"It's extremely courageous and really revolutionary to prohibit a new technology," said Robert Ellis Smith, publisher of the Privacy Journal newsletter in Washington. "It reflects the California tradition of greater respect for the right to privacy."

There have been diverse reactions to Caller ID in other states. In Pennsylvania, the Commonwealth Court, a mid-level state appellate court, ruled that the service violates the state's wiretap law. The case is before the state's Supreme Court.

In New Jersey, where Bell Atlantic introduced the service in 1987, Caller ID has been credited with a drop in harassing and obscene calls. Callers have no blocking capability in that state, where only about 5.5% of phone customers have signed up for the service.

Ringing Up New Services

PUC Administrative Law Judge John Lemke recommended against Caller ID but endorsed a variety of custom-calling services proposed by Pacific Bell, GTE California and Contel. The firms have different names for these services. They include:

Call Block: Rejects calls from as many as 10 specified telephone numbers.

Call Return: Provides the subscriber with the number of the last caller along with the time and date and allows him or her to automatically return the call.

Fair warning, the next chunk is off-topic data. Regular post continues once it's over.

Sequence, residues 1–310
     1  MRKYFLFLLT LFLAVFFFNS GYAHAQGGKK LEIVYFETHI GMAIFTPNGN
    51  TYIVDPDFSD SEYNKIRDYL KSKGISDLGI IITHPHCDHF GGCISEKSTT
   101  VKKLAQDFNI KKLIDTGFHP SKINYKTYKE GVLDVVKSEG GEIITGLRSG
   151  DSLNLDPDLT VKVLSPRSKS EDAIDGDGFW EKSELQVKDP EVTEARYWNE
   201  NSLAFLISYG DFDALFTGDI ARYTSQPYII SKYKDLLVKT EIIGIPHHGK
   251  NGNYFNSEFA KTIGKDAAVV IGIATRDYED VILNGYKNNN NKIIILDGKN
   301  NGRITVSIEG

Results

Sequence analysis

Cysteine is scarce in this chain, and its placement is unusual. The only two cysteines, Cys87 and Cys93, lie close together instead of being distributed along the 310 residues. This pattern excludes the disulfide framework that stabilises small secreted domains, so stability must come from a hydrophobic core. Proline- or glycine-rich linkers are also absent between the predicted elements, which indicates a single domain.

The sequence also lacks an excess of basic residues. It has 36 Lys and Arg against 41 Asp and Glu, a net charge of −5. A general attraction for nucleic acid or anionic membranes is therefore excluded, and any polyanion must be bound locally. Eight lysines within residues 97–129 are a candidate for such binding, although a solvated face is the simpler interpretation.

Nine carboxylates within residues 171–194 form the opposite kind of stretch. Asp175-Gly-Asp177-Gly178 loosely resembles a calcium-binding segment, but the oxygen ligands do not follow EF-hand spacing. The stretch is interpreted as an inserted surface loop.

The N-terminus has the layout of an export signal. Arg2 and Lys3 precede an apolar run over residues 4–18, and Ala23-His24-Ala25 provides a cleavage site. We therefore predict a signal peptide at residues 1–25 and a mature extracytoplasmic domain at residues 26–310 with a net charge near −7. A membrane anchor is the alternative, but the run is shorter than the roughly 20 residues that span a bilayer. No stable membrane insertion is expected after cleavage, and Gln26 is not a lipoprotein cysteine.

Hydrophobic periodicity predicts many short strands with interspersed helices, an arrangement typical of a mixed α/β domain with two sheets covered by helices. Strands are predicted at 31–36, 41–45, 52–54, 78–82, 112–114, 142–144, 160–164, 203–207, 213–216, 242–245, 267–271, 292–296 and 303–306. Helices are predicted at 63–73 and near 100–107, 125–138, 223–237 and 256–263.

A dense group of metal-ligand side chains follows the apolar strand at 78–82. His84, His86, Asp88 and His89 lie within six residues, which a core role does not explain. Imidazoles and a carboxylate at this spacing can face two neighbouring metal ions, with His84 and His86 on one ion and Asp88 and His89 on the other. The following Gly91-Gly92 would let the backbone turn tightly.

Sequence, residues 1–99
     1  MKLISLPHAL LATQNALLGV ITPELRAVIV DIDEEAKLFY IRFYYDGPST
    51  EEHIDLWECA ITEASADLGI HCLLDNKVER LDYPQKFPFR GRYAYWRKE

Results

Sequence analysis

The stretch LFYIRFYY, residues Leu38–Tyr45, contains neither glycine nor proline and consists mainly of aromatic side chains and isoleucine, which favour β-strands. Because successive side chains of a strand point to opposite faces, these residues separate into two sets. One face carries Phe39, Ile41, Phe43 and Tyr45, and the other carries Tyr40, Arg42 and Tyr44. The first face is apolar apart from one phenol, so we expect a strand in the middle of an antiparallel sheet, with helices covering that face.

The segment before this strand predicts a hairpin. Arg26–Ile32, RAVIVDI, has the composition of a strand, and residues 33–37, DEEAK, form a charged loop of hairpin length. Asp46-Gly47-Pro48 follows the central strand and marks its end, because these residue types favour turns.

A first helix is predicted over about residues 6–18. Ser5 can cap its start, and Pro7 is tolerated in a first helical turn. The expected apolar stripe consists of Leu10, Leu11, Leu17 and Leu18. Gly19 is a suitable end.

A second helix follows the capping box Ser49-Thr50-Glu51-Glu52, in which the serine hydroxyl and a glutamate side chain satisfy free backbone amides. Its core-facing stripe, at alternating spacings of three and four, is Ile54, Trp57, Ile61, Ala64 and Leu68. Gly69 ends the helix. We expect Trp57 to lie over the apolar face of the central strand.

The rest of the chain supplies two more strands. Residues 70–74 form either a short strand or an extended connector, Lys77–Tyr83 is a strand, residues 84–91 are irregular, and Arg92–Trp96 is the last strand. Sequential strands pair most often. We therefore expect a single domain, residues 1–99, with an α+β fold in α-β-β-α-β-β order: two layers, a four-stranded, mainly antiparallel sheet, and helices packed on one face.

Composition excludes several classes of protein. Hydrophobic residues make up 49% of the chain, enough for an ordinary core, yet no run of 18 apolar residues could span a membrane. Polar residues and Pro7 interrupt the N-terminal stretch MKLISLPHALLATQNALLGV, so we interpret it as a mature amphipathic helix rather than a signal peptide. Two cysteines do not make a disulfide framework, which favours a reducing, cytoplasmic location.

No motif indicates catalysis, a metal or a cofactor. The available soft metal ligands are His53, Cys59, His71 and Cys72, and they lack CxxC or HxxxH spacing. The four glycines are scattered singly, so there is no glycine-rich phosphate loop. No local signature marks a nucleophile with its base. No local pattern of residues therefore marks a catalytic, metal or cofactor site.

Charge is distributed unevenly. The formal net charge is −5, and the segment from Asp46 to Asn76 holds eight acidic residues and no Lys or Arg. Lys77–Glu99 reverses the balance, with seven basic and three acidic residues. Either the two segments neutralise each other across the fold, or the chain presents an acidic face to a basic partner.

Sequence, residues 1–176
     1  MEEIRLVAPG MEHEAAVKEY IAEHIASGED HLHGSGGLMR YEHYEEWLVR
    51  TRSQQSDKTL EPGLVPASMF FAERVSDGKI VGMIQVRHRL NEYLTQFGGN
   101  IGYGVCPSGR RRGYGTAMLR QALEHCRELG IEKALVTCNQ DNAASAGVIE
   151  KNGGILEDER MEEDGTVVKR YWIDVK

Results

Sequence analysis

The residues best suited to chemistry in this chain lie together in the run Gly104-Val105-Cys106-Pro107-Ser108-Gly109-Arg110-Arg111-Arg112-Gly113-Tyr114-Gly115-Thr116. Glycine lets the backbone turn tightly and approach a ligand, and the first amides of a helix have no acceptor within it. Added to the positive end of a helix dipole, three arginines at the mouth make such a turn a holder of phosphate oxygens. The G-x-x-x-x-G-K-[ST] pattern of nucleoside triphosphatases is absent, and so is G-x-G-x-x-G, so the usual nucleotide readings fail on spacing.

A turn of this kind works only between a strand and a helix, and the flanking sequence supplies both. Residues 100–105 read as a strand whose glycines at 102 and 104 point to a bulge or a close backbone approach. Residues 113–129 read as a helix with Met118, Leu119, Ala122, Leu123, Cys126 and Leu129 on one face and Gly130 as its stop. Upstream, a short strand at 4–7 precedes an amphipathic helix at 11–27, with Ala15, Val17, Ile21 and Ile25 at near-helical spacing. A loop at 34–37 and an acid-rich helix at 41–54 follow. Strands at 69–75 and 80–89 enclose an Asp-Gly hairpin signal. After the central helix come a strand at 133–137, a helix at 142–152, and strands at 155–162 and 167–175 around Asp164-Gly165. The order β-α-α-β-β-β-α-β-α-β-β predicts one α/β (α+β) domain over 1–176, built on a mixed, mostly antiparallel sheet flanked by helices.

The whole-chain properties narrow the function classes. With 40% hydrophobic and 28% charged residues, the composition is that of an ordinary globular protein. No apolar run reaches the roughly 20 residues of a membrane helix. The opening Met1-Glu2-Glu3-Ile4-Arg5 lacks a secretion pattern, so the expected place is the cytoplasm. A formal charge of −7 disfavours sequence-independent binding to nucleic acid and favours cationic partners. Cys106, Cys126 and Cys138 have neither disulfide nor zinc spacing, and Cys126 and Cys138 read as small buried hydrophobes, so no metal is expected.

Call Trace: Permits subscribers to automatically trace the number of an obscene or harassing caller. Numbers are held in a database at the phone company and are provided to law enforcement authorities once a police report has been filed.

Priority Ringing: Subscribers can program their phones to sound a unique ring on calls from certain numbers.

Repeat Dialing: If the number a subscriber dials is busy, this service automatically checks the called number every 45 seconds for up to 30 minutes. When the line is clear, it rings the caller and completes the call.

Select Call Forwarding: Subscribers can arrange for calls from specific numbers to be forwarded to another phone.

SOURCE: Pacific Bell